two huskies sled dogs outside

Dogs with Jobs: Sled Dogs 

Author Icon from Laurel Lewis

When Rhonda O’Grady found herself at an Iditarod Kennel’s Mushing 101 class in Alaska six years ago, she became hooked.  



Before this experience, Rhonda had no exposure to sled dog racing. When she returned home to Colorado, she began her search to find a sled dog club to join. She joined Colorado Mountain Mushers and began volunteering then eventually mushing with her son at a Kennel in the Upper Peninsula.  She adopted Huck, a retired sled dog, and started training with her local mushers’ community. Huck eventually became her house dog, and soon after that a retiring musher asked Rhonda to take her team over, and another sprint musher gifted her a very talented lead dog, thus beginning her journey as a sled dog team owner.  sled dog outside with their owner in the mountains

Dog sledding began as a mode of transportation in the sub-zero climates of Siberia in the daily lives of Inuit people who eventually moved to the Arctic. Although dogs were already in North America, the Inuit brought dogs with unique capabilities crucial to survival in this new place around 2,000 years ago. With miles and miles of snow-covered terrain, these dogs were needed to transport humans to areas where they could hunt for food and served as a way get the food back to their families. The use of these dogs, who were uniquely adapted to the lifestyle and acting as a cultural symbol in the North American Arctic, also made the humans’ transition from summer camps to winter camps much more efficient.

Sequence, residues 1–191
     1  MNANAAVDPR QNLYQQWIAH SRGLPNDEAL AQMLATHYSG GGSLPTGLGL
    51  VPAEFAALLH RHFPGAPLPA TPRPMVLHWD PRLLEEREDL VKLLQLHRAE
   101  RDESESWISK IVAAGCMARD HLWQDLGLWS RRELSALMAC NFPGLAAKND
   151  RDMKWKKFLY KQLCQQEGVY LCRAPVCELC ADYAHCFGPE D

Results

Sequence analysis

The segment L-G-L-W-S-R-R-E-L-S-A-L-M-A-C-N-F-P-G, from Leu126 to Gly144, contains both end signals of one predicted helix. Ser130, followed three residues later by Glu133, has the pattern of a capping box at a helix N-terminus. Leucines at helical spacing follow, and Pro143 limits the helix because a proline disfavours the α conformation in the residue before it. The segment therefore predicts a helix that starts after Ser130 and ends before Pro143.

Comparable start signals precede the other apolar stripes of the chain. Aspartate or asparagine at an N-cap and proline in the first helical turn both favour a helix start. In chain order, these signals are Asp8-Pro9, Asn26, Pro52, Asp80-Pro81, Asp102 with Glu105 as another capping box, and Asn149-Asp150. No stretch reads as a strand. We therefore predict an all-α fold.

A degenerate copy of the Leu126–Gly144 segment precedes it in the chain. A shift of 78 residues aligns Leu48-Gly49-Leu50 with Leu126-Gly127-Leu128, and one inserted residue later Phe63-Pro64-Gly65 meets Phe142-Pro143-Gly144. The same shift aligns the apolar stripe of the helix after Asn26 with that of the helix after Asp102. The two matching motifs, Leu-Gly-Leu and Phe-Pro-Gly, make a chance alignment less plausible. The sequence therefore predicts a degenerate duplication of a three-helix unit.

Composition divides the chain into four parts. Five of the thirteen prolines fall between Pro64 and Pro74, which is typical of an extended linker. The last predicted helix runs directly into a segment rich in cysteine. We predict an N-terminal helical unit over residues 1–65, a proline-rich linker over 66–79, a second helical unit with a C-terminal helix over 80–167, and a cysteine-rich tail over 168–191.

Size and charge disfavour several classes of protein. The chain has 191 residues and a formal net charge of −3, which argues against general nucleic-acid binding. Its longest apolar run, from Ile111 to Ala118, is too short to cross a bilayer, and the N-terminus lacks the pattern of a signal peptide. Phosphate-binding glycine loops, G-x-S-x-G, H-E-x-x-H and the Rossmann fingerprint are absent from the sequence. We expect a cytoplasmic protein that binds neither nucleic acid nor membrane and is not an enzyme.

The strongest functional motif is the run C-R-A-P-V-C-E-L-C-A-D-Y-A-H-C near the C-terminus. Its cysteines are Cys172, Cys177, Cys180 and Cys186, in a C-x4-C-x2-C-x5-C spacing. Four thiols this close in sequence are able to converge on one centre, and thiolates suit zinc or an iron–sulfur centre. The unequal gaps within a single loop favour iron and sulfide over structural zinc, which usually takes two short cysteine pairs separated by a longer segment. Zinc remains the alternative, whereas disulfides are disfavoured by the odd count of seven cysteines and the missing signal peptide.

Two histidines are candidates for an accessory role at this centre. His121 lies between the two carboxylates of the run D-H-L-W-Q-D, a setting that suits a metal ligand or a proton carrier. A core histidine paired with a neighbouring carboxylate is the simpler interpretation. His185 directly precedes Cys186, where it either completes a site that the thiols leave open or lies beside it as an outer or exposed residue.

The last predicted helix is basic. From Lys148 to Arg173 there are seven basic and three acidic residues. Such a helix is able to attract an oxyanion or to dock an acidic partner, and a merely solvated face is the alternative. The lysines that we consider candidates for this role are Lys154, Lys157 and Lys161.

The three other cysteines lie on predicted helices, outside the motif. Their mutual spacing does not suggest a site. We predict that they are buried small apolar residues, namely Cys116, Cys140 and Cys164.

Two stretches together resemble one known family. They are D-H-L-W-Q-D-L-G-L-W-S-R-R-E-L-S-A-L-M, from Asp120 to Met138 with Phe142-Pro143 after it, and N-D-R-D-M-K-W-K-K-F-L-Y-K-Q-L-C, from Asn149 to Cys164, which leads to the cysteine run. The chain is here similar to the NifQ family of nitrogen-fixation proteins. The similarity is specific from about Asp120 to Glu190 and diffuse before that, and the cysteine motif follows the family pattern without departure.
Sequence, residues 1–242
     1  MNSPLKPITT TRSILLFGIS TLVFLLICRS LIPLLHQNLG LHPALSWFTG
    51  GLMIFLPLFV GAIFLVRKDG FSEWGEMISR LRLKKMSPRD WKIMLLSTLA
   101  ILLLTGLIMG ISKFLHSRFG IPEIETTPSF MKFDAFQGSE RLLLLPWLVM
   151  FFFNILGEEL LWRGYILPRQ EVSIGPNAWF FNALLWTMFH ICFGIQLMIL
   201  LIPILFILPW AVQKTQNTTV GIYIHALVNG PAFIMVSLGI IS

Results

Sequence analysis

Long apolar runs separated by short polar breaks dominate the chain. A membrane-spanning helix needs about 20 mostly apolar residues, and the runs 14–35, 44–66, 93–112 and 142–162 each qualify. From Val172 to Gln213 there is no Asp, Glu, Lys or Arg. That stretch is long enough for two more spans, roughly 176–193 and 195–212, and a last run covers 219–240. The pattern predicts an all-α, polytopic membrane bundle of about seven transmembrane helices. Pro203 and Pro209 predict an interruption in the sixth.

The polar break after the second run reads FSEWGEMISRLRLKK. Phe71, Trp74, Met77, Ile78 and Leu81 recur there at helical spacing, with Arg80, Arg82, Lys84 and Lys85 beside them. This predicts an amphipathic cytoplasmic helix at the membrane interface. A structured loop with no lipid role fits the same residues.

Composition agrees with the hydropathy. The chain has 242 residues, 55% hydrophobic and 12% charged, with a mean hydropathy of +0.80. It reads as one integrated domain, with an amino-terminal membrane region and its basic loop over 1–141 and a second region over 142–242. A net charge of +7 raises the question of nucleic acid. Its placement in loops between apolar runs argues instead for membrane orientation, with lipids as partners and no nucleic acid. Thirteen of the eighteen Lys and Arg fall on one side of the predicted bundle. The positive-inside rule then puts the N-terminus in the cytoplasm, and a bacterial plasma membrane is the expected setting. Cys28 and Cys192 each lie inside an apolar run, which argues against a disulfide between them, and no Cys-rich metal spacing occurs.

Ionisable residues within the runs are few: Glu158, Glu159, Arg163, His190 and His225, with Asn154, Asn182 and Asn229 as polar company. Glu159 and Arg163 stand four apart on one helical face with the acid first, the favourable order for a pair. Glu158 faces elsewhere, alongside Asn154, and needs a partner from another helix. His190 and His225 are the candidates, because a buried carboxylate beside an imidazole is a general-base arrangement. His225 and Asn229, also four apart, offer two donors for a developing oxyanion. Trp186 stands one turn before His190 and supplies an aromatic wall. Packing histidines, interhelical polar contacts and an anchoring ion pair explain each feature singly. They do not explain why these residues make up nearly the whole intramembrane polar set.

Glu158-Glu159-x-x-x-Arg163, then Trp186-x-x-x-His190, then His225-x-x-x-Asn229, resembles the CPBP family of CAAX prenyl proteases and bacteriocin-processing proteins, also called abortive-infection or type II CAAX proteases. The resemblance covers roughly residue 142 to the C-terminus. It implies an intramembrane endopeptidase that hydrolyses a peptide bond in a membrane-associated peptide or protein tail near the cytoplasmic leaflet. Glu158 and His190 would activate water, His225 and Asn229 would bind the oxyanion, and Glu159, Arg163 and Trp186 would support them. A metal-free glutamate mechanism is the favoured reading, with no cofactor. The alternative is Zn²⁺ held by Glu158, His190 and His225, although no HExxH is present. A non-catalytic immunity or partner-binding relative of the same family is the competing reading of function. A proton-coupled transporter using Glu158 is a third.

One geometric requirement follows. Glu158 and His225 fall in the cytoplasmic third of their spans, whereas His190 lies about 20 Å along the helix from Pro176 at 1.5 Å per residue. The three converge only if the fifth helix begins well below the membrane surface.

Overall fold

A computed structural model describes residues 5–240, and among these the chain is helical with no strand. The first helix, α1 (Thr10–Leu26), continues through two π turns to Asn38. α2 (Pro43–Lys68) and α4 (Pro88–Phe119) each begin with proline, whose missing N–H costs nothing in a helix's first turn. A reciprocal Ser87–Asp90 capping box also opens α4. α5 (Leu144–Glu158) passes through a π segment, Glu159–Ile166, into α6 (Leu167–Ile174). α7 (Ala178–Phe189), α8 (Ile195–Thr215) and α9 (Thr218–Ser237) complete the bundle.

Working Dogs

Rhonda’s dog sled team includes Juno (7 years old, Alaskan Husky, lead dog), Bambi (5 years old, Siberian Husky, tandem lead with Juno), Tonto (4 years old, Siberian Husky, wheel dog), and Pippa (4 years old, Tonto’s sister, wheel dog). These dogs like to pull, play, and have energy to burn. If that sounds familiar to you, even if your dog isn’t a husky, then you have a working dog.  

When Rhonda’s dogs aren’t running with a sled in winter weather, they are training to keep up their routine, fitness, and mental stimulation during the warmer seasons. “Doggie Parkour” is often the exercise of choice for Rhonda’s team, jumping from sawed off tree stump to tree stump in the yard, in addition to running, fetching their favorite KONG toy—the Goodie Bone—and working on simple commands. They use every opportunity they can to work on commands and mutual respect—whether it is sitting and waiting at the door, a gate, the kennel at night, or grooming—every interaction is intentional. These are activities that non-sled dogs can do at home for “work.”  

Watch this video to help you create the right mindset for training your dog at home. 

Intentional play is another exercise that can develop your dog’s “career”—using tugging, fetching, and leash work—which all happen in a typical house dog’s daily routine, during playtime and on walks. Tugging is commonly used for training many different types of working dogs and is easy to implement for any dog. 

A great way to adapt these exercises in your home can be found in this short KONG Classroom video! 

A few sled dogs practicing, while connected to an ATV in the mountainsAs temperatures drop to around 40 degrees, Rhonda’s dogs can be found training on backcountry dirt roads in front of an ATV or dog scooter. The dogs do not pull the ATV, rather, it is used to condition them back into running season while they are in formation on the gangline. The gangline, or towline, connects the dogs to the sled, ATV, or Dry Land Rig.  Here is where the paws hit the trail and all of the mutual respect, bonding, and training pay off.